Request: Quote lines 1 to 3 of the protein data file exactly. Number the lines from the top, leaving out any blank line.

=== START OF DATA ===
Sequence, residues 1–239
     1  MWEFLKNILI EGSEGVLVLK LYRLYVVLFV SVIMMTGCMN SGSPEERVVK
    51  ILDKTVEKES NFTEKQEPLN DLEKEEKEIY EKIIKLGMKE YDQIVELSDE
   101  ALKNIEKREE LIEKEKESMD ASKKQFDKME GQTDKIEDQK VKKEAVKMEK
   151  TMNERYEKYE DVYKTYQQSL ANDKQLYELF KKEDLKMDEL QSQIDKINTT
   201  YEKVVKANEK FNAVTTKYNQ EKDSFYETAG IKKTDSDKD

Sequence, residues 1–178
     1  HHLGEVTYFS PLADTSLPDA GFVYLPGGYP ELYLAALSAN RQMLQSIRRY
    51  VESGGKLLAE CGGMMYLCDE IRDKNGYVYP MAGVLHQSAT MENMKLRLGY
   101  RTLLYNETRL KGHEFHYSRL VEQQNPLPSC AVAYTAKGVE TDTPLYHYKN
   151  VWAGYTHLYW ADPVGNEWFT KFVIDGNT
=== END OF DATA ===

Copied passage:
Sequence, residues 1–239
     1  MWEFLKNILI EGSEGVLVLK LYRLYVVLFV SVIMMTGCMN SGSPEERVVK
    51  ILDKTVEKES NFTEKQEPLN DLEKEEKEIY EKIIKLGMKE YDQIVELSDE